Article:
News Buzz


News Buzz

Makuru Season (Jun - Jul 2023)

It's a RAP! – Centre's Reflect RAP Plan Accepted


We are thrilled to announce that The Wetland Centre's Reflect Reconciliation Action Plan (RAP) has been conditionally endorsed by Reconciliation Australia. We are now in the process of RAP preparing the final document to be formally endorsed and officially accredited by Reconciliation Australia, which will lead into the Centre being recognised as a member of the RAP network This significant milestone marks our commitment to advancing reconciliation and fostering meaningful relationships with Aboriginal and Torres Strait Islander peoples.

We congratulate our RAP team and Elders who made this possible and want to thank them for working with us, contributing their wisdom and committing their time to help us achieve this milestone.

The Conditional Reflect RAP represents our dedication to acknowledging and respecting the traditional custodians of the land on which our Centre operates. It outlines a series of actions that will be implemented to promote cultural awareness, understanding, and engagement within our organization and the broader community. This is the first step on the Centre's journey towards reconciliation, which is long due and we feel privileged and blessed to be a part of it.

Through this RAP, we strive to create an inclusive and culturally respectful environment that recognizes the rich heritage and contributions of Aboriginal and Torres Strait Islander peoples. We will actively seek opportunities to collaborate and engage with local Indigenous Elders, organisations and communities, ensuring their voices are heard and respected in all aspects of our work.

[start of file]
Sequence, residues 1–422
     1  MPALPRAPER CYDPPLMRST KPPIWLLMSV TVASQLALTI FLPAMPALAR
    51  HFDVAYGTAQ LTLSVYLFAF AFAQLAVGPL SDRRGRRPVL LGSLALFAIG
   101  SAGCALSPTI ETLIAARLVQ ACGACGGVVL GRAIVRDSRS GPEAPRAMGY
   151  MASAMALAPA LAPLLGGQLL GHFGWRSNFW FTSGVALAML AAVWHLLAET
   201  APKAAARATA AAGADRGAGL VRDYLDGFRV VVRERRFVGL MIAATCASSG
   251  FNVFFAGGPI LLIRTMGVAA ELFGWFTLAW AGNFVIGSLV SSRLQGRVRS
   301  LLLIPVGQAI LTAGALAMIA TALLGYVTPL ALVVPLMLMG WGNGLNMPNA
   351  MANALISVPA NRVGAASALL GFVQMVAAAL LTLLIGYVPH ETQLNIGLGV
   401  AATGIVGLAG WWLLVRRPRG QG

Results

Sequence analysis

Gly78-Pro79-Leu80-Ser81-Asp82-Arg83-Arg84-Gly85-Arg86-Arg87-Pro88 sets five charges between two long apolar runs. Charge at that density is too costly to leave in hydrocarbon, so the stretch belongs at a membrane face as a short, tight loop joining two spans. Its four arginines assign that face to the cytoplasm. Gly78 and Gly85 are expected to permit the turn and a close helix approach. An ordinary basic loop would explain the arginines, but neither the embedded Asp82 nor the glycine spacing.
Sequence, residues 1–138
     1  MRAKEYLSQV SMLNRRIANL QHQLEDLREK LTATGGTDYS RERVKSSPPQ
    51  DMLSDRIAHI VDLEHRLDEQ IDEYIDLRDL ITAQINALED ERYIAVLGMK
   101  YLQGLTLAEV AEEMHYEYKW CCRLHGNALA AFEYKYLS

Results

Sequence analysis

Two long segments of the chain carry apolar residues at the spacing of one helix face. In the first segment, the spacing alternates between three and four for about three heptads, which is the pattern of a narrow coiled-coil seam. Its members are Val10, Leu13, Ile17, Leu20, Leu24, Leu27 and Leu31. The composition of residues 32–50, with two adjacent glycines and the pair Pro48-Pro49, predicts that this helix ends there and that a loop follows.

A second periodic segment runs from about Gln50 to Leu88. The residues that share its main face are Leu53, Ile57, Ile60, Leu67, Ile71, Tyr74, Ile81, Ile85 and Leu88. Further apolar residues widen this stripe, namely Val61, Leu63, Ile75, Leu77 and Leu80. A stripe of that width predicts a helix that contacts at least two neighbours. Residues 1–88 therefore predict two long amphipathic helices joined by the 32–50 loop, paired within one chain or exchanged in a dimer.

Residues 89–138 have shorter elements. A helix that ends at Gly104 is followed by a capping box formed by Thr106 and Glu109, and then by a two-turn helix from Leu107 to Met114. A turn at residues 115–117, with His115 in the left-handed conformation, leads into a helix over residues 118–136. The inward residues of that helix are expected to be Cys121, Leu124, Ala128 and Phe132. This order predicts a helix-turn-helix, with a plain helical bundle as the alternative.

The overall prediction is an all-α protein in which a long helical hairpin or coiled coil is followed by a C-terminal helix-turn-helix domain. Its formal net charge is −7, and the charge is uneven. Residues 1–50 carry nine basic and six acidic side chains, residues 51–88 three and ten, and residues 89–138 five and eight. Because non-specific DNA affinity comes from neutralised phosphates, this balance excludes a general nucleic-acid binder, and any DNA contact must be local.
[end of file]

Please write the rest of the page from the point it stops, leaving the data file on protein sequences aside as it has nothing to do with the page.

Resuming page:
We understand that reconciliation is an ongoing journey, and this acceptance of our Conditional Reflect RAP is just the beginning. We remain committed to continuous learning, growth, and genuine efforts towards reconciliation. By working together, we can build stronger relationships, promote equality, and contribute to a more united and inclusive society.

We express our sincere gratitude to Reconciliation Australia for their guidance and support throughout this process. We also extend our sincere appreciation to the Indigenous community for their wisdom, teachings, and ongoing partnership. Together, we can walk hand in hand towards a future of understanding, respect, and reconciliation.


Geographical Exploration –
Centre's first-ever geography workshop

In an exciting first, a groundbreaking geography class and field trip recently took place at the Centre. This provided an immersive learning experience for Year 12 students of John Curtin College of the Arts. This unique educational endeavour allowed students to delve deep into the captivating history of Walliabup, uncovering the rich history of land use changes from Indigenous times through European settlement to Urbanisation to the present-day use of the area as a Wetlands Precinct. The workshop proved to be an enlightening journey, immersing students in the ecological tapestry of the wetlands and broadening their understanding of the intricate relationship between the environment and human interactions.

A resounding success: World Environment Day Schools Celebration at the Centre

The Wetlands Centre, in collaboration with the City of Cockburn and WA Wildlife, hosted a remarkable event on 9th June 2023 to celebrate World Environment Day. With nearly 300 participants from 10 schools, it was a full house! Despite the rainy weather, we set the stage for a day filled with engaging sessions and activities focused on environmental education and conservation.

The day commenced with a welcome to Country by Aunty Marie. She also conducted sessions where attendees immersed themselves in the rich Nyungar cultural heritage. Kids crafted clay turtles while learning about our native southwestern snake-necked turtles. Participants were also enlightened about the urgent need to combat plastic pollution through a virtual reality experience and a session with Angela Rossen, exploring solutions to beat plastic pollution in soil.

Bio Barcode Australia engaged attendees with their "Wetlands CSI Detectives" session, where they created art using micropipettes. Other activities included exploring the wonders of water, reptile awareness workshops, and outback mammals.

Despite the rain, the World Environment Day celebrations at The Wetlands Centre successfully fostered a sense of environmental responsibility, emphasizing the importance of conservation and sustainable practices for a greener future.